Presuming you have both the interior file (i.e. the inside pages) and your cover file (we’ll get to that) ready, between signing up for CreateSpace and seeing your book for sale on Amazon should take about a fortnight, presuming you order a proof copy. (There’s an option to skip the proof copy: please don’t.) Smashwords will publish your book on their website and make it available to buy from there almost immediately, but their ‘Premium Catalogue’ (i.e. other retailers like iBooks and B&N) distribution can take a while. Amazon KDP is twelve hours from pressing the ‘Publish’ button to being for sale in the Kindle store, but in my experience it usually takes less than that.

Impressive, no?

Can People Pre-Order My Book?

Do you know what you just did? You murdered a fairy. MURDERED!*

(And no, they can’t.)

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Every self-publisher should have one of these

The Process

For e-books, you need:

  • Your book in a MS Word document, formatted a very specific way so that when KDP or Smashwords runs it through their automated conversion software and turns it into an ePub or Mobi file (i.e. actual e-books) it doesn’t read like gobbledegook
  • A front cover image, i.e.a JPEG. Both KDP and Smashwords will give you exact dimensions to adhere to, but the bottom line is make it a big one
  • A blurb, i.e. the text that would normally appear on the back cover of a paperback.

You have some options here. First, you don’t have to commission a cover. I think it’d be better if you did, but if money is tight, you could possibly save some here — but only if you do it right, and don’t turn into one of those parents who thinks their baby is the most beautiful baby that was ever born. And don’t be getting any fanciful ideas. Those cookie cutter covers? Crime black with silver text and a sinister picture? Chick-lit in pink pastels with girly type and shoes? Bodice-rippers with, well, ripped bodices? They’re like that for a reason: so readers can easily identify books that are similar to books they’ve already enjoyed. Study the competition and stick with what works.

KDP recently launched Cover Creator for e-books, which I haven’t used yet myself but if it’s anything like CreateSpace’s Cover Creator, I’d stay clear. (Have you used it?) Template covers are easily identifiable and never cut the mustard. The other downside is that you won’t be able to use it on your Smashwords edition (I’m presuming).

You don’t need an ISBN to publish on KDP and Smashwords will give you a free one. Take it.

Read more: A New, Even Easier Way To Format Your E-book

For POD paperbacks, you need:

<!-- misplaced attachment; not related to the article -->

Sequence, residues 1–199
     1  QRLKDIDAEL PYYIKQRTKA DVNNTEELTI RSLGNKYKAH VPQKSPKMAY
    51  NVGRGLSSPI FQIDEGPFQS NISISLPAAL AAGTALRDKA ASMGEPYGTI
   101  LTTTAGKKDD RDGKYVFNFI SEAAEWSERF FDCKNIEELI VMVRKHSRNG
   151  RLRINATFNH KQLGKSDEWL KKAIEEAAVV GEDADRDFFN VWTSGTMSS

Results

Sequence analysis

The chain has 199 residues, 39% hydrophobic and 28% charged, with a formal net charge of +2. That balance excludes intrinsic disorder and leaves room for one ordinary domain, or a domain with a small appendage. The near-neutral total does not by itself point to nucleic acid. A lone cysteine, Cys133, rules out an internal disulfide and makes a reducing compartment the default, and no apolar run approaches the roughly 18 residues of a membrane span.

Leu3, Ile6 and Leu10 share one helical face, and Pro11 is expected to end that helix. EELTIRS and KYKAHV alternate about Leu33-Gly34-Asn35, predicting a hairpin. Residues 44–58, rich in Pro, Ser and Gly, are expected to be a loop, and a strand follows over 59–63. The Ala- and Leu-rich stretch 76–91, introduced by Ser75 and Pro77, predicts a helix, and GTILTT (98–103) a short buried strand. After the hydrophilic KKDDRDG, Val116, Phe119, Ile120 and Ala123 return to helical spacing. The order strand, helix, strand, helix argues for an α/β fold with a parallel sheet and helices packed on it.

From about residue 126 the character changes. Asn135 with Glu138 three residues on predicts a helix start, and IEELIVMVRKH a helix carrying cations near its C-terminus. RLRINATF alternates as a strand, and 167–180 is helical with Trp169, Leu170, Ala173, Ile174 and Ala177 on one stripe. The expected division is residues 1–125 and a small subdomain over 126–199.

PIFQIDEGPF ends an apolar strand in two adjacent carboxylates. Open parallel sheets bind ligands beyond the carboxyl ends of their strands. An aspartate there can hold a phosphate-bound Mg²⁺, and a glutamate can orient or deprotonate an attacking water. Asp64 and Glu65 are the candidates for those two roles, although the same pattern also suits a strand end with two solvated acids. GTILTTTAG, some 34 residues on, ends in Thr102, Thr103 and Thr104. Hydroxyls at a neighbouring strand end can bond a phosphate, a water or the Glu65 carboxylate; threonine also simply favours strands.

• Your book in a MS Word document, sized to exactly match the dimensions of your chosen trim size (i.e. the length and width of the pages of your book) and formatted to reflect how you want it printed. (You can collect a correctly sized template from CreateSpace before you start.)
  • A full paperback cover. CreateSpace will generate a cover template for you once you plug in your trim size and page count that you can send off to your cover designer. Alternatively you can use their Cover Creator software but for the love of fudge, please don’t. None of them resemble real books.
  • A blurb to pop in your product description.

A few things here: you need to create your MS Word interior document BEFORE you start thinking about the cover, even if it’s just a quick mock-up. The reason is that the cover designer needs the template, and the template needs to include the spine, and the spine size is calculated based on how many pages you plan on using. Trust me when I say that a guesstimate is not sufficient. You must mock-up the interior of your book. Remember you’ll have front matter, end matter and start each new chapter or section on a right-hand/odd-numbered page. When you add this, and add headers and footers, change your font size, change your paragraph settings, etc., it changes the page count. And if you end up with 10 or more pages more than you planned on, in my experience, your insides won’t fit your outsides. The cover will be rejected by CreateSpace for being the wrong size. So FIRST, mock-up your interior document to get the page count. THEN start work on the cover.

CreateSpace will give you a free ISBN. (Say it with me now…) Take it. If there’s a free ISBN on offer, put your paws on it and say ‘Thank you.’ You lose nothing by doing this but you gain cash, i.e. what you would’ve spent buying your own ISBN. So WHAT if CreateSpace (or Smashwords) are the publisher of record of your book? Do you think readers pay a tack of attention to who published a book? Don’t even worry about it.

They will also put a barcode on your book. Neither you nor your cover designer needs to worry about that. (It goes on during the publishing process and the template will have a space marked off for it.)